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Letter to the Editor - Oct. 10, 2017 - By Dylan Heerema

Published in Vancouver Sun (October 7, 2017).

Benchmarking allows property owners to compare the performance of their buildings with historical use and similar buildings. Photo: Stephen Hui, Pembina Institute

Local governments and property owners across B.C. want large buildings to be required to track their energy and water consumption, and to report this data to the province every year. Last week, the Union of B.C. Municipalities passed a resolution calling on the B.C. government to make energy benchmarking and annual reporting mandatory for large buildings, and to make energy data available to local governments to inform their regulations and climate-change programs.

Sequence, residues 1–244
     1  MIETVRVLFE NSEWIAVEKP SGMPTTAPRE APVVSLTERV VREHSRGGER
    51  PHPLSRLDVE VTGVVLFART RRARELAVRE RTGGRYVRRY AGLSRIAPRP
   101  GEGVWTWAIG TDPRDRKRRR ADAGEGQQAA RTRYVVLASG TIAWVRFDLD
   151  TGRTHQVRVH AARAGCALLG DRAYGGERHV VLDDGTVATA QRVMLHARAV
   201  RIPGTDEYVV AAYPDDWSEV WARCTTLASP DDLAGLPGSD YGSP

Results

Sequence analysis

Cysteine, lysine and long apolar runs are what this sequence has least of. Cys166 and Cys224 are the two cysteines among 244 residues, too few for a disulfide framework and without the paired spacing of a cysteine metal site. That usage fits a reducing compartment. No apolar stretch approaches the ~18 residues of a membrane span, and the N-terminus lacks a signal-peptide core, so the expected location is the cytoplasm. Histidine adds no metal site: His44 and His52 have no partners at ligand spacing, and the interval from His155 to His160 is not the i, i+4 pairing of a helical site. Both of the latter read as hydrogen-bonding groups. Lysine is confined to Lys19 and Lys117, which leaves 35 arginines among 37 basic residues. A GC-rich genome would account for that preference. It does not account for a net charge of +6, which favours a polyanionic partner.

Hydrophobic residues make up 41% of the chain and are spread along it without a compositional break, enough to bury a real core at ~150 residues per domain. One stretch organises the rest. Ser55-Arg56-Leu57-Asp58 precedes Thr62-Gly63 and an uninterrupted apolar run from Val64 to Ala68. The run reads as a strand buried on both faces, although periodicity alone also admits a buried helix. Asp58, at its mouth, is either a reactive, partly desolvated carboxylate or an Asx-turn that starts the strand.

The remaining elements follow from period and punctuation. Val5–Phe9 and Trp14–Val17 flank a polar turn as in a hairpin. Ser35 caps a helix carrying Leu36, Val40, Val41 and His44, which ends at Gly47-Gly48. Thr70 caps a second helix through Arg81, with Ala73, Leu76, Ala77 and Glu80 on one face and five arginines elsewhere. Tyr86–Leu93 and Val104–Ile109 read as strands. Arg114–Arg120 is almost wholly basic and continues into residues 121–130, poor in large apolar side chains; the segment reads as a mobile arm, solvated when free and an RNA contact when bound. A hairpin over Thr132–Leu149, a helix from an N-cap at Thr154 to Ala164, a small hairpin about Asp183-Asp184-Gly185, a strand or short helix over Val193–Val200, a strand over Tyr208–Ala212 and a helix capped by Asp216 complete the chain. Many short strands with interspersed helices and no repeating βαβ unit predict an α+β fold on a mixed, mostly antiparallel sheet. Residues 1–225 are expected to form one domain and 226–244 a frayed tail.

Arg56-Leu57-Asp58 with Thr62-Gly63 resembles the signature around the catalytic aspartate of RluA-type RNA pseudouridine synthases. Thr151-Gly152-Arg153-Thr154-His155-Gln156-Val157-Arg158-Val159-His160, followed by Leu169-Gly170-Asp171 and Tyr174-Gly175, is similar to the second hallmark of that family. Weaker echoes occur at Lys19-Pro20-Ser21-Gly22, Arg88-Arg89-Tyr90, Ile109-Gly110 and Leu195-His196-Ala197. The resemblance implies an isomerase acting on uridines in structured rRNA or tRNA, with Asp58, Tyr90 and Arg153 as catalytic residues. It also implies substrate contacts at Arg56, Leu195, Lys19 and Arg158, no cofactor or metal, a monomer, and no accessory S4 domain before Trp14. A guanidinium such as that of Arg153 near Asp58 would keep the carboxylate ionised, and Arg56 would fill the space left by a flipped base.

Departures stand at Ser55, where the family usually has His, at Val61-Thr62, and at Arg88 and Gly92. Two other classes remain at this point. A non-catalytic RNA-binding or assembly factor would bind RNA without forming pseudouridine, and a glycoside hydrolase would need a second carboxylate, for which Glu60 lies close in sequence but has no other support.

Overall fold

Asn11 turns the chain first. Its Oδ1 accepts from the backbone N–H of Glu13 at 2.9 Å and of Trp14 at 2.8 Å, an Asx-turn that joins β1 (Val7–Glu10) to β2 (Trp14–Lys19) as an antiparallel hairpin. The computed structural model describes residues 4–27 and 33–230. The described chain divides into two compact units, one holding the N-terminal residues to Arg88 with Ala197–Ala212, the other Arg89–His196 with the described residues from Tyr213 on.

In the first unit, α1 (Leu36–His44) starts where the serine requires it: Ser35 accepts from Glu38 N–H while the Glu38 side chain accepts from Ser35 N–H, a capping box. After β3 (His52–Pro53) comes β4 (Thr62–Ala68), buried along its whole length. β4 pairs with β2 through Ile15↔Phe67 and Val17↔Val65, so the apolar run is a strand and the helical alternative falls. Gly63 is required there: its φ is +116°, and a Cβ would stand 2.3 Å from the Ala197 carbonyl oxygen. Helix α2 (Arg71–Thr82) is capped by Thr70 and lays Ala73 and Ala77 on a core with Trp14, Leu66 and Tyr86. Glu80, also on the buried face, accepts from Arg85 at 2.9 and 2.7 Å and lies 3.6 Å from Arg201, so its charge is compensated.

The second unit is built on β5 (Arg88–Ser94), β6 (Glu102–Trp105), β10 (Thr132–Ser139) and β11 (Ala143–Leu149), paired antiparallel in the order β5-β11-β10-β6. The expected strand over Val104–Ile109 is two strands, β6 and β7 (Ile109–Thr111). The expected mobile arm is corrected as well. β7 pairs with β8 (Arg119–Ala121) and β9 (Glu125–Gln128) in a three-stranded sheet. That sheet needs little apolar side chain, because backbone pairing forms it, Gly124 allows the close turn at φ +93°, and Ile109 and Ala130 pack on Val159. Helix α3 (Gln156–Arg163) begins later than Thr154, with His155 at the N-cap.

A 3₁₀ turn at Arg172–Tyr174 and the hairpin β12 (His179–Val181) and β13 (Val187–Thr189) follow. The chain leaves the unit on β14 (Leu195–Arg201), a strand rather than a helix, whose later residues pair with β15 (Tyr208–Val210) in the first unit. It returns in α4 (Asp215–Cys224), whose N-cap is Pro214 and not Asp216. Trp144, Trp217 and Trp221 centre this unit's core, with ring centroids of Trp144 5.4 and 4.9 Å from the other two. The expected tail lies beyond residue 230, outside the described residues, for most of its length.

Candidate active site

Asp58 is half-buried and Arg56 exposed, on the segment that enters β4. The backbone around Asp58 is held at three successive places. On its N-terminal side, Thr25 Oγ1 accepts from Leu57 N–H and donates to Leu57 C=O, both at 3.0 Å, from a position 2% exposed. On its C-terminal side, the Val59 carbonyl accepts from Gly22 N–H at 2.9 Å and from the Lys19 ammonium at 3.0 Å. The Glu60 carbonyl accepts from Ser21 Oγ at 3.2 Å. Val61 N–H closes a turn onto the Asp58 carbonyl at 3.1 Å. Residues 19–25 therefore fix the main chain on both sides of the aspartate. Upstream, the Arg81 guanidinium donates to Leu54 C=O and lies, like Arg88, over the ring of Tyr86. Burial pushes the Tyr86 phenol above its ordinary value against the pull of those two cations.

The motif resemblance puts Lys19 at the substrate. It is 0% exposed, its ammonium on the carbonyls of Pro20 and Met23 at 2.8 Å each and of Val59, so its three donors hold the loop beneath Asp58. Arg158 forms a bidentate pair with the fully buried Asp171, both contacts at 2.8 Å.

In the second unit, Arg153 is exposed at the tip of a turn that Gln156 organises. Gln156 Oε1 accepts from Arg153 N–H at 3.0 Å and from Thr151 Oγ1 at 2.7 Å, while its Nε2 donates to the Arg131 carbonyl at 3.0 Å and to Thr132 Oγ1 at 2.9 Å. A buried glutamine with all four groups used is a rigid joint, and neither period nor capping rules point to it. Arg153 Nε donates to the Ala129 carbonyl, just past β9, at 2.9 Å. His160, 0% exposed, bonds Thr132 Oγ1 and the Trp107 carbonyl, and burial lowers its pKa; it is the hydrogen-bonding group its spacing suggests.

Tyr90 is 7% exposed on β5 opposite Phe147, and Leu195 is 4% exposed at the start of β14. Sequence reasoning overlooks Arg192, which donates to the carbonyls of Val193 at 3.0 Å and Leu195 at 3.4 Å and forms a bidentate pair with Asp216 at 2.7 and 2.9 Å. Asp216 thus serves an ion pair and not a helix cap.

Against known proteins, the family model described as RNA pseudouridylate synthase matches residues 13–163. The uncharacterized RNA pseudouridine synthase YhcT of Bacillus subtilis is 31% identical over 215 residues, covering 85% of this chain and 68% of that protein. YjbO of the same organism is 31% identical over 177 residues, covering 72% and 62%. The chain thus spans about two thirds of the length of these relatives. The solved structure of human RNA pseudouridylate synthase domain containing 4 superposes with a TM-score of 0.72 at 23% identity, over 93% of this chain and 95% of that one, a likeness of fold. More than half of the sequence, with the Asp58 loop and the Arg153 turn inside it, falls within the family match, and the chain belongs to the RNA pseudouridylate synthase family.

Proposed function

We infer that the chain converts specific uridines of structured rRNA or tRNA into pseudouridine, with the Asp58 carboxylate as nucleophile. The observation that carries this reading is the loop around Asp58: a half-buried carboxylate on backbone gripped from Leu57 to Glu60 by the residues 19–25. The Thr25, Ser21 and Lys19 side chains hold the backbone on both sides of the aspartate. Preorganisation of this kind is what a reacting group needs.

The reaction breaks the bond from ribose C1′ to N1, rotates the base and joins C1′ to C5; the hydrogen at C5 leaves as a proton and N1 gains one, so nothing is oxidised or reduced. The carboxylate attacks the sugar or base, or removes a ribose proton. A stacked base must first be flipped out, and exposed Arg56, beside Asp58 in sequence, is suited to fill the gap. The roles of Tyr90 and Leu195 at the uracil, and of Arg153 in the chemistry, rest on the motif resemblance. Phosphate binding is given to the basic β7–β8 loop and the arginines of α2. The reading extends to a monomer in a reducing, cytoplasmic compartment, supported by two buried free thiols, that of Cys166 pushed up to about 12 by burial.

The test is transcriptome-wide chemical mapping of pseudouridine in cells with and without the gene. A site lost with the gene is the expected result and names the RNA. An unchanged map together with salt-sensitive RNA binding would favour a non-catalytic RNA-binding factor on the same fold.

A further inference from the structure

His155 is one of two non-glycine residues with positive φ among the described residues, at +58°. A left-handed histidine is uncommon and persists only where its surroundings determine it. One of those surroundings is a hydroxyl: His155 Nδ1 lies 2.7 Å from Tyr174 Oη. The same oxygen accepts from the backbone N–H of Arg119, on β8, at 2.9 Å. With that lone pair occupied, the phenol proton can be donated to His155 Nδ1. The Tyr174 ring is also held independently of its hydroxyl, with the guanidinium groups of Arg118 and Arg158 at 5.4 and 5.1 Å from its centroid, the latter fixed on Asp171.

Promoting high levels of building performance will also improve the quality and health of the spaces in which British Columbians live and work, create jobs in the clean economy, and support innovation in the local supply chain. Clearly, taking action on building energy benchmarking is a win-win for British Columbians.

Dylan Heerema,
analyst, Buildings and Urban Solutions Program, Pembina Institute, Vancouver

The Vancouver Sun published this letter to the editor on page G3 of its October 7, 2017, issue.


Dylan Heerema

Dylan was a member of the Pembina Institute’s remote communities team until 2019, working from the Vancouver office to advance policy supporting diesel reduction, energy efficiency and clean electrification.


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